NORTHFIELD VILLAGE, Ohio — When Dawn Scherma started the non-profit "By Dawn's Early Light, A New Day A New beginning", she hoped to make an impact on foster child's life.
Three years later, the 52-year-old mother is bringing smiles to the faces of hundreds of kids in Summit, Portage, and Geauga counties through a toy drive.
"We wrap them up, each gift separately. We put name tags on them. We want to personalize everything for these children. We want them to feel special," Scherma said.
New toys for more than 350 children of all ages are being collected at various sites, including the Northfield Fire Department and Moose Lodge 2156 on Northfield Road.
"Stuff The Squad" events are taking place on Saturday, December 5 from 10 a.m. to 2 p.m. at Target in Macedonia and on December 6 from 10 a.m. to 2 p.m. at Walmart in Macedonia.
Scherma said there are about 16,000 kids in Ohio's foster care system, but believes that number could grow to 20,000 by the end of the year.
She indicated one reason for the rise in foster care placements is an epidemic of parents struggling with opioids and other drugs.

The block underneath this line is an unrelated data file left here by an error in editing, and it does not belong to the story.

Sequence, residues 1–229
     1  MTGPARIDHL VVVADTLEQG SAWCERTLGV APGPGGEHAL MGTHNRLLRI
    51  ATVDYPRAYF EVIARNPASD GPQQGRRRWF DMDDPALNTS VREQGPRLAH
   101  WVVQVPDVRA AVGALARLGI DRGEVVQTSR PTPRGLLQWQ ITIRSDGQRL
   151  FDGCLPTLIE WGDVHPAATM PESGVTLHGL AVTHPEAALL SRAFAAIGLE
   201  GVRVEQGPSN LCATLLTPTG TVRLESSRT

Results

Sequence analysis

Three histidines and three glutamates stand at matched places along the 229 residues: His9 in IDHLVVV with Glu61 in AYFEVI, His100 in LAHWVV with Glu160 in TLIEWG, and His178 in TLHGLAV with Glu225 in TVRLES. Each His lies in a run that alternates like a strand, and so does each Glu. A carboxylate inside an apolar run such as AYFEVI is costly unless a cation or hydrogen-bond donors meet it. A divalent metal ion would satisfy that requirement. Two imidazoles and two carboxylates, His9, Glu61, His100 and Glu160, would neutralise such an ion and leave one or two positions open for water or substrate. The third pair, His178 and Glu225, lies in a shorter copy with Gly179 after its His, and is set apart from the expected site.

"That's a lot of children and one-third of these are drug-related," she said. "It's sad. It's really sad.
Scherma's personal family experience inspired her to start By Dawn's Early Light.
"I am a mom of a recovering heroin addict," she said.
Scherma was given custody of her daughter's son about eight years ago. He is now 9-years-old. Scherma stressed her daughter has turned her life around.
"She is completely in his (her son's) life now. She's five years clean and sober."
Northfield Village fire medic Bob Davet knows the heartache that comes with rescue calls involving parents overdosing.
"There's nothing more heartbreaking than going into a house and having to work on a parent and seeing a child sitting over on a chair. It really gets to you sometimes," Davet said.
In normal times, most of the foster children would attend a Christmas party to pick up their gifts donated through the toy drive. The pandemic has changed that, but Scherma said COVID-19 will not eliminate the smiles will bring after the toys are delivered to the children in foster homes.
"It's is absolutely priceless," she said. "It brings a lot of love in my heart."